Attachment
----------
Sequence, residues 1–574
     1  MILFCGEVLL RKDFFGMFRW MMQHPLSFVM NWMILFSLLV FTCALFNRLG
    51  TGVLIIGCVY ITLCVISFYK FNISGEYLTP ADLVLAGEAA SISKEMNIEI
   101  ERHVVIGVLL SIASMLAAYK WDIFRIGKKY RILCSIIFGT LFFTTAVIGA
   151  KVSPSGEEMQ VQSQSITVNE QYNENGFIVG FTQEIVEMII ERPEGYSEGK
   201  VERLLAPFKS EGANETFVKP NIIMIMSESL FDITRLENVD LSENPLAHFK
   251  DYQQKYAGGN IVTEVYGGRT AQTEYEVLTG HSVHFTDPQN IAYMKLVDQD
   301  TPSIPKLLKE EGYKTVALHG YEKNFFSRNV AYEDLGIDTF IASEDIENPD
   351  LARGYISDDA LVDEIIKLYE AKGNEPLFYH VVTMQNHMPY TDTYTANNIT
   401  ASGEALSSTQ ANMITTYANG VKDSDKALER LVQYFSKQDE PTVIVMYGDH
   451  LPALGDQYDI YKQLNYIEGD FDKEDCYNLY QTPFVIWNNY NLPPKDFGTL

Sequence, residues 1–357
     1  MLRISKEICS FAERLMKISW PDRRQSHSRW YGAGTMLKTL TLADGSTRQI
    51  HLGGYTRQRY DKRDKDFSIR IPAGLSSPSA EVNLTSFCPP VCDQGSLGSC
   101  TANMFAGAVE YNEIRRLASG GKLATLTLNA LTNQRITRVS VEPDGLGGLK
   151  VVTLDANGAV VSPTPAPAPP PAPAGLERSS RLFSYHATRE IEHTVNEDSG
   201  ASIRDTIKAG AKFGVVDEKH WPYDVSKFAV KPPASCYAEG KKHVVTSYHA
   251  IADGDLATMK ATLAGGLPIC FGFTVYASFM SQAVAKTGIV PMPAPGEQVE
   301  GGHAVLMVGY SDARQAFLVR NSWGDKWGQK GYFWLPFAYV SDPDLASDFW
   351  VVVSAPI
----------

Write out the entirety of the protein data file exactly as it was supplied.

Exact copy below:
Sequence, residues 1–574
     1  MILFCGEVLL RKDFFGMFRW MMQHPLSFVM NWMILFSLLV FTCALFNRLG
    51  TGVLIIGCVY ITLCVISFYK FNISGEYLTP ADLVLAGEAA SISKEMNIEI
   101  ERHVVIGVLL SIASMLAAYK WDIFRIGKKY RILCSIIFGT LFFTTAVIGA
   151  KVSPSGEEMQ VQSQSITVNE QYNENGFIVG FTQEIVEMII ERPEGYSEGK
   201  VERLLAPFKS EGANETFVKP NIIMIMSESL FDITRLENVD LSENPLAHFK
   251  DYQQKYAGGN IVTEVYGGRT AQTEYEVLTG HSVHFTDPQN IAYMKLVDQD
   301  TPSIPKLLKE EGYKTVALHG YEKNFFSRNV AYEDLGIDTF IASEDIENPD
   351  LARGYISDDA LVDEIIKLYE AKGNEPLFYH VVTMQNHMPY TDTYTANNIT
   401  ASGEALSSTQ ANMITTYANG VKDSDKALER LVQYFSKQDE PTVIVMYGDH
   451  LPALGDQYDI YKQLNYIEGD FDKEDCYNLY QTPFVIWNNY NLPPKDFGTL

Sequence, residues 1–357
     1  MLRISKEICS FAERLMKISW PDRRQSHSRW YGAGTMLKTL TLADGSTRQI
    51  HLGGYTRQRY DKRDKDFSIR IPAGLSSPSA EVNLTSFCPP VCDQGSLGSC
   101  TANMFAGAVE YNEIRRLASG GKLATLTLNA LTNQRITRVS VEPDGLGGLK
   151  VVTLDANGAV VSPTPAPAPP PAPAGLERSS RLFSYHATRE IEHTVNEDSG
   201  ASIRDTIKAG AKFGVVDEKH WPYDVSKFAV KPPASCYAEG KKHVVTSYHA
   251  IADGDLATMK ATLAGGLPIC FGFTVYASFM SQAVAKTGIV PMPAPGEQVE
   301  GGHAVLMVGY SDARQAFLVR NSWGDKWGQK GYFWLPFAYV SDPDLASDFW
   351  VVVSAPI